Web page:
It's 2 minutes left until apocalypse
The Bulletin of the Atomic Scientists is keeping the Doomsday Clock set at two minutes to midnight — a metaphor for the end of the world — calling the threats against humankind "a new abnormal.'
The scientists announced that the clock is stuck at 11:58, citing nuclear weapons and climate change as two existential risks that leave the world dangerously close to an apocalypse.
"The 2019 time should not be taken as a sign of stability but as a stark warning. It’s a state as worrisome as the most dangerous times of the Cold War," the New Yok Times cited Bulletin President Rachel Bronson as saying.
She said the current time is the closest it has been to doom since 1953, when the United States and Soviet Union began testing hydrogen bombs.
Bronson said the board was mainly concerned that "U.S.-Russian relations are near an all-time low," "the arms-control architecture is deteriorating" and "carbon emissions are rising after a period of plateauing."
More specifically, the scientists referenced the unresolved issues with North Korea and President Trump’s decision to abandon the nuclear deal with Iran.
The clock, a metaphorical measure for humankind’s proximity to destruction, has wavered between two and 17 minutes to the apocalypse since its inception in 1947.
Since then, the Bulletin’s board has determined how far the clock’s minute hand will move, usually to draw attention to worldwide crises that it believes threaten the survival of the human species.
Last year, the clock advanced 30 seconds, to two minutes to "midnight." It had also advanced 30 seconds in 2017 but did not move at all in 2016.
Director of the Institute of Political Studies Sergei Markov, speaking with the correspondent of Vestnik Kavkaza, noted that the world is really close to a global catastrophe now, much closer than earlier. "First, there is a gradual degradation of Western democratic institutions, where a consortium of unelected bureaucrats, special services and oligarchs receive power, while the population loses control of the government. That is why, the U.S. government, for example, stages a coup in Ukraine, directly finances neo-Nazis and supports terrorists in Syria; the United Kingdom, in turn, imitates the use of chemical weapons in the form of the provocative Skripal case. Second, the unipolar world is transforming to something new, global role of the former leader, the United States, is largely reduced, but the American coalition is striving to retain its power, which caused the current attempt to instigate a civil war in Venezuela," he said.
"Third, new types of weapons are developed, first of all, cyber weapons, which makes the transition from provocations to war easier. Relatively speaking, the ISIS terrorist group, banned in Russia, organizes a cyber attack on the UK and the U.S. under the guise of "Russian hackers", which declare that the attack was coming from Russia and strike Russian servers back. Russia, of course, also responds, which causes a cyberwar leading to disastrous consequences. Fourth, there is an inadequate faction in power in the United States, which abandons most of the disarmament treaties. Fifth, the information war tools have become so sophisticated that classical freedom of speech and press freedom have disappeared in Western countries, and all together it increases the possibility of a random start of a global war," Sergey Markov stressed.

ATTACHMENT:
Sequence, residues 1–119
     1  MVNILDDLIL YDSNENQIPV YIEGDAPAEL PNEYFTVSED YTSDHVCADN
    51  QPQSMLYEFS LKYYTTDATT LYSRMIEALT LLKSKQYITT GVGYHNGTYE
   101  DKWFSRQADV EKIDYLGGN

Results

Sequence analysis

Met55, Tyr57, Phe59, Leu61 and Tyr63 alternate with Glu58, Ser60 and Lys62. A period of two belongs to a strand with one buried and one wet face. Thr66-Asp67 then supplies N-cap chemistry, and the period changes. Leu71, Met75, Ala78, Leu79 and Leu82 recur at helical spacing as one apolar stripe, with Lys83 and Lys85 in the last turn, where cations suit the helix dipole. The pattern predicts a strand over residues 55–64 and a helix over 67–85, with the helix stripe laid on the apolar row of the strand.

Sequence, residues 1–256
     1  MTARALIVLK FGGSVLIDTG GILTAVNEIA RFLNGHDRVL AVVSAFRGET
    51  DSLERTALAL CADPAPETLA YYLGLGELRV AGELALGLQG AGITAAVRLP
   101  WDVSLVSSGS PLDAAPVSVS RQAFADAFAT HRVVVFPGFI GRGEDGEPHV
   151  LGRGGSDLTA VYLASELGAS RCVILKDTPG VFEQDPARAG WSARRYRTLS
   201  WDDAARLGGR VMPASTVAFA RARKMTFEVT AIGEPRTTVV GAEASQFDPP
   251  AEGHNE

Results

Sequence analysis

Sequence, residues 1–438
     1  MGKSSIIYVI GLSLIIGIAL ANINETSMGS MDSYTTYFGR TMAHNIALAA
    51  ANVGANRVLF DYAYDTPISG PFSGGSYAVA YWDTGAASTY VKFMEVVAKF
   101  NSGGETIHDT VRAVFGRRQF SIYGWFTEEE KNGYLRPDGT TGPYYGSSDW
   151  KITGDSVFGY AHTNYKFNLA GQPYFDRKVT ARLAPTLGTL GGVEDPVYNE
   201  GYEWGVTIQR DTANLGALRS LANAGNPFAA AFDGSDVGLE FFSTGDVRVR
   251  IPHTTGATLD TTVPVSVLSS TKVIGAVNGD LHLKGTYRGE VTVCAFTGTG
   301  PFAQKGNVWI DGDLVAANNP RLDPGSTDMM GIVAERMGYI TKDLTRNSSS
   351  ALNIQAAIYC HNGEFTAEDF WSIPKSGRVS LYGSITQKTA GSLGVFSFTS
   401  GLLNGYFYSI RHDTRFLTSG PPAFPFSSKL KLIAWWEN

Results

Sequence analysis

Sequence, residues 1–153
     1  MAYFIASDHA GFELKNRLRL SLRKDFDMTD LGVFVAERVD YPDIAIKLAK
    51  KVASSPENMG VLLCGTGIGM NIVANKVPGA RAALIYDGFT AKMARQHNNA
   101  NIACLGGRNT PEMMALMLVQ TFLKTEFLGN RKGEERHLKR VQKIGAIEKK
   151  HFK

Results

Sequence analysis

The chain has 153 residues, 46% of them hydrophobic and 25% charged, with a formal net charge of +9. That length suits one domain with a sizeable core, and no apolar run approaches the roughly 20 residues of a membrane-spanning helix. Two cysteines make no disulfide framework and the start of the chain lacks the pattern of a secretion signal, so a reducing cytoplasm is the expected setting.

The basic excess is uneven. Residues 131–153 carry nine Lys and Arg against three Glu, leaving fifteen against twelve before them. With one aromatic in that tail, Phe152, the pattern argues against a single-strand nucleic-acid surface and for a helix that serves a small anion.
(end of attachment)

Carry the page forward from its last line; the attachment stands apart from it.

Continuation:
The deputy head of the Council of the Russian Diplomats Association, Andrey Baklanov, said that concerns about the prospects of international security are reasonable. "Indeed, the world stands literally two minutes before a possible catastrophe. First of all, I’m worried that there is a certain regression in the process of preventing unauthorized and accidental outbreak of hostilities. This process has begun in 1962, a number of agreements were concluded, mainly of bilateral nature. Now these agreements have stunned. Attempts to agree with the Americans on the resumption of this work were unsystematic and unfinished. Alas, we do not even fully understand how serious the situation is, especially with the acceleration of scientific and technological progress. We need to immediately restart the process to prevent such a development," he urged.
"The second problem is that practically no serious crisis has been adequately addressed by international law at present. On the contrary, crises are falling apart into new ones. The third problem is a sharp increase in danger for Russia. It is necessary to pursue a more stringent policy to prevent such attacks at the earliest stages. The fourth problem is the withdrawal of the U.S. from the systematic agreements on the prevention of the arms race and the new stage of the arms race, with the possibility of further movement of NATO weapons to our borders. All of this suggests that the overall situation is extremely alarming, and we need to take comprehensive measures in all directions in order to reverse the negative trends," Andrei Baklanov concluded.